By Rebecca Ojserkis '12
Hands down, the best place to socialize at college is around the dinner table. The fact that Valentine is our only dining hall here at Amherst especially facilitates such opportunities for students, the majority of whom eat all of their meals there. But even during the summer months—when most undergraduates have left campus until September—we continue to find camaraderie while breaking bread.
In addition to the summer camps housed on campus, approximately 200 Amherst students spend June, July and August in the Pioneer Valley. We stay busy doing a variety of projects, including local internships, research with professors, thesis research and jobs in various college offices. We may be doing very different things, but we all manage to find time to socialize each night in a new setting: a kitchen rather than a dining hall.
Like most of the students in Amherst for the summer, my friends and I cook each night in the kitchens of our residence halls. The usual chores of grocery shopping, food preparation and washing dishes have become communal, social experiences. They provide time to hear about friends’ days and get to know students of all class years whom one might not have gotten to know in the large setting of Val. (For rising seniors, like myself, these dinners are also an appreciated break from thesis reading, graduate examination studying and/or job searching!) On some nights, we make quick dishes; on others, we plan feasts.
Sharing meals, I discovered, has also been an opportunity to share our cultures. For a Five College friend’s birthday, I baked a sweet noodle kugel, a traditional Jewish dish. Eddie Muguza ’11 introduced me to pap, a dish from his native Zimbabwe. Next on the agenda? An empanada and matzo ball recipe exchange between Kayleigh O’Keeffe ’12 and me. It’s been a delicious learning summer so far, to say the least.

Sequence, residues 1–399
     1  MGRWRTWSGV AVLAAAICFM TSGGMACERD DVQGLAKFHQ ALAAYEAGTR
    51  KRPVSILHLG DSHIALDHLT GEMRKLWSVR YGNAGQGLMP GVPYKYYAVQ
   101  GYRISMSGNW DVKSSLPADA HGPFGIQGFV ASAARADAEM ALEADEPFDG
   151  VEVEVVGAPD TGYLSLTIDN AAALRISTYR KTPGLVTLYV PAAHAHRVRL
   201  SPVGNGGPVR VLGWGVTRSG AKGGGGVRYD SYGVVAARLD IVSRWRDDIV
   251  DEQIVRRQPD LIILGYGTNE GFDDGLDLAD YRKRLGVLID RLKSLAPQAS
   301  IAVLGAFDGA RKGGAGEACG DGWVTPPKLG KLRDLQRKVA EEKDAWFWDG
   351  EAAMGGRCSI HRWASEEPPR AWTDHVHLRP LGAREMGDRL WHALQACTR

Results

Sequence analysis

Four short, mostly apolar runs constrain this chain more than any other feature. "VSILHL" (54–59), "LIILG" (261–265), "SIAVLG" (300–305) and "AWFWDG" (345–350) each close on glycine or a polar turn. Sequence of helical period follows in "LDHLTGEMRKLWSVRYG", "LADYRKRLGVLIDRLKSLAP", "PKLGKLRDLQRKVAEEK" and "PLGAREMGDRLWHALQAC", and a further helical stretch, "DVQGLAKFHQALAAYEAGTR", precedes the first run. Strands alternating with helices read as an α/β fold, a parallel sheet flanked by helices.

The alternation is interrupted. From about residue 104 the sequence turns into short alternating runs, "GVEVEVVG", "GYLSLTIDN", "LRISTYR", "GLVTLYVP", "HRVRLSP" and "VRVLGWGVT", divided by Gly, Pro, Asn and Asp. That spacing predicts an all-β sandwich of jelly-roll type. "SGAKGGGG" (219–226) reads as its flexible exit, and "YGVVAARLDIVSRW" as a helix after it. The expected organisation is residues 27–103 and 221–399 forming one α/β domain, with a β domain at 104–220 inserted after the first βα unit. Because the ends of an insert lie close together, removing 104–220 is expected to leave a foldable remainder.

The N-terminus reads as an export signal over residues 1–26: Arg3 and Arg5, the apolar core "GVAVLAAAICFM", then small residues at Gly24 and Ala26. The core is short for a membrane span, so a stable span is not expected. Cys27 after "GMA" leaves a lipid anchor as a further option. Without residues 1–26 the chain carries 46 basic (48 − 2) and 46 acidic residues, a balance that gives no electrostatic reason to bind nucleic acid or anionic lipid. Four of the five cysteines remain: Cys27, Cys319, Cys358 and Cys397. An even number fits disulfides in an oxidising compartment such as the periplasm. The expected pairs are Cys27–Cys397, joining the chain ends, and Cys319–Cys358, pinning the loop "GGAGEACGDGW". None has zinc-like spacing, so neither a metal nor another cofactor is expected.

Take one recent Saturday night. I received a text message: “I’m tryna get a din din 2getha avec Jurr and JKoo at chez Bongani. Let me know if u’d b down.” It took me a minute to translate the lingo of my friend Bongani Ndlovu ’14. He was having a dinner party, inviting me and two of his fellow members of the men’s a cappella group the Zumbyes—Jorrell Bonner ’12E and Jeremy Koo ’12—to his apartment in Northampton.
I had cooked dinner earlier this summer for these friends, to thank them for helping me move into my dorm. We had eaten a pasta concoction, a combination of my grandmother’s ratatouille recipe with some of my favorite ingredients, olives and sundried tomatoes. “This smells delicious. What’s in it?” Julie Keresztes ’12 had asked while she helped me with the mise en place for the dish. “It’s easy,” I had replied. “My grandmother taught me how to make it when I was five or so. You just cut up vegetables, add some olive oil and garlic and throw it in the oven for an hour.” Having years of restaurant work experience and having cooked for myself during past summers in New York City, I have mastered the art of preparing easy, delicious meals in small places (including New York apartments and Amherst dorm kitchens).
Bongani’s second text message, after my affirmative response: “Now I need ideas. What do I cook?” After much debate, he decided to make pasta with what I would call a South African adaptation of Bolognese. Bringing some flavors from his home country, Bongani had made a sauce of stewed tomatoes, ground beef, garlic, onion and curry, the secret ingredient that won me over. Once we arrived, I quickly cooked up some collard greens with mustard, green tomatoes, peppers and brown sugar. The combination of the vegetables and the pasta was fantastic. Bongani had never heard of greens before, and I had never fathomed putting curry in my pasta sauce. It was definitely a learning experience in culture and cooking.
Jorrell made bananas Foster for dessert, flambéing like a pro. Jeremy didn’t cook that evening, but he did the bulk of the dishes and has promised to make us wontons. The meal ended with the three Zumbyes singing “Happy Birthday” to Jorrell’s brother over the phone. Tableside a cappella, great food and close friends—what more could a girl ask for on a warm summer night?